With Obama’s Re-election, Full Implementation Comes Next
We decided to wait for the election results for the November issue because, if Mitt Romney had won, and with his pledge to repeal “ObamaCare,” no matter how insincere that may have been, the landscape for health care in general, and health care M&A specifically, could have changed significantly.  The level of uncertainty as to who the winners and losers would be would also have risen.  Not to say that there isn’t a high level of uncertainty in the market anyway.
The market greeted the election results with a resounding vote of no confidence, with the Dow plunging 312 points the next day, followed by a 121-point drop on Thursday for a cumulative decline greater than 3.1%.  Within the health care sector, hospital stocks rose because investors believe the result confirmed that these providers will be getting more patients and revenues, while managed care, pharmaceutical and medical device stocks all dropped.  What investors aren’t focusing on is what these hospitals will be paid per episode in three, four and five years, and who will be trying to provide some of the similar services at a lower cost, putting competitive pressure on both census and margins, even as the number of “insureds” rises.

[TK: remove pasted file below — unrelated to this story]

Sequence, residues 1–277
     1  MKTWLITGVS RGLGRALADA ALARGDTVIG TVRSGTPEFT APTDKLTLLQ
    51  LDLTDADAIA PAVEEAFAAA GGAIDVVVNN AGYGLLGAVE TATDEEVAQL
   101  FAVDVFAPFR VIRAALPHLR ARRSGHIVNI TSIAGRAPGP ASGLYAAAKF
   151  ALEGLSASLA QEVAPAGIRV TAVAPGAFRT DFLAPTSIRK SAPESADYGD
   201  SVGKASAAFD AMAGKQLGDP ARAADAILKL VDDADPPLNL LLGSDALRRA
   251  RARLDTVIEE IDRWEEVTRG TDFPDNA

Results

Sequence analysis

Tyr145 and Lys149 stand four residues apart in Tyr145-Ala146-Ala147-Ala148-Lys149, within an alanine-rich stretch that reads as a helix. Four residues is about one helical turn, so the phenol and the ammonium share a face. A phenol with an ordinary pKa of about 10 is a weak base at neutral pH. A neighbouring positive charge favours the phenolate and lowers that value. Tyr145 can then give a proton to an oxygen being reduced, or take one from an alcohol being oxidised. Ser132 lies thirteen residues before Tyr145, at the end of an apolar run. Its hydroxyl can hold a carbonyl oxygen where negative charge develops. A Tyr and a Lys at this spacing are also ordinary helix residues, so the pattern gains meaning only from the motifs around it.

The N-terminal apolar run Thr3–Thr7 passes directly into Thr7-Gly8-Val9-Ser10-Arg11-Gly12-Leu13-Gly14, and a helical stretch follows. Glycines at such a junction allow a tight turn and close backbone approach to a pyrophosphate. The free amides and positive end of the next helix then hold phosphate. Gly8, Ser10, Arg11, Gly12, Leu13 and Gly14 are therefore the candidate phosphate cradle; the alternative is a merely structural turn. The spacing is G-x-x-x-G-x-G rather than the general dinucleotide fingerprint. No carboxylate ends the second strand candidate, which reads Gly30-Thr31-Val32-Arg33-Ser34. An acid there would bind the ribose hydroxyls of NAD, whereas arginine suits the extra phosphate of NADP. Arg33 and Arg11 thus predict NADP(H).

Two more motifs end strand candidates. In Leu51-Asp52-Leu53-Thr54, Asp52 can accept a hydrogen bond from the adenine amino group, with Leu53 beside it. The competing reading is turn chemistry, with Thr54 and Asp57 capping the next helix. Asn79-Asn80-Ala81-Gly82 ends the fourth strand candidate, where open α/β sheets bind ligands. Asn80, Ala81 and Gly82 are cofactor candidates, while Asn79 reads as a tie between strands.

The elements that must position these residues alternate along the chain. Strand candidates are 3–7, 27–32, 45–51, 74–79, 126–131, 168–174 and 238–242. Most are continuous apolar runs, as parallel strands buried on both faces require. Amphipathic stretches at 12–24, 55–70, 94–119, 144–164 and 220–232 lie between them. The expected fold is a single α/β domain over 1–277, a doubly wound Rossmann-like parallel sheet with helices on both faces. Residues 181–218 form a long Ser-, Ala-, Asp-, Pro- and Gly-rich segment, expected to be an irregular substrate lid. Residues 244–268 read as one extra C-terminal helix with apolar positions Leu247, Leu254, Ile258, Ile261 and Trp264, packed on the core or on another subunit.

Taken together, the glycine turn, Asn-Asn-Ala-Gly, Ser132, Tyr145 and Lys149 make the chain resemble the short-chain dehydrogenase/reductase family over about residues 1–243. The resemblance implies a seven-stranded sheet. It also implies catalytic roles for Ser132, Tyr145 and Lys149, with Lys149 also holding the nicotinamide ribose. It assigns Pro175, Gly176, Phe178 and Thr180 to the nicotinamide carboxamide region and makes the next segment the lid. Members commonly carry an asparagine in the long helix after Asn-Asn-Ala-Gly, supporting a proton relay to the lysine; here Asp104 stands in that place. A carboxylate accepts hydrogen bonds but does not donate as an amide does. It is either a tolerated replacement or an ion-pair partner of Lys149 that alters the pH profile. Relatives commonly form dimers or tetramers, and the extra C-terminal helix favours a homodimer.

We will play the contrarian role, since spending on hospital services represents more than 30% of total health care expenditures, and with hospital spending projected to grow by 75% in the next 10 years, that is the area where spending cuts (or reimbursement cuts) will have the most impact on potential savings.  And since all the proposals for higher taxes won’t put much of a dent in future federal deficits without a significant change in economic growth, the only way to slow the rate of growth in health care spending, by both the government and the private sector, is by lower reimbursement rates to providers and vendors, like pharmaceutical companies.  Unfortunately, increased hospital volume alone will not make up the difference and will actually exacerbate the growing problem of rising health costs as a percentage of GDP. Yes, we know, the truth hurts.  After all, the full name of what we all now call ObamaCare is the “Patient Protection and Affordable Care Act,” and since we know that health care will not be any more affordable to the consumer through lower premiums, it will have to become more affordable to the government.  The only way for that to happen is lower reimbursement rates or rationing, or most likely both.  No one will be satisfied with that outcome……….Want to read more? Click here for a free trial to The Health Care M&A Information Source and download the current issue today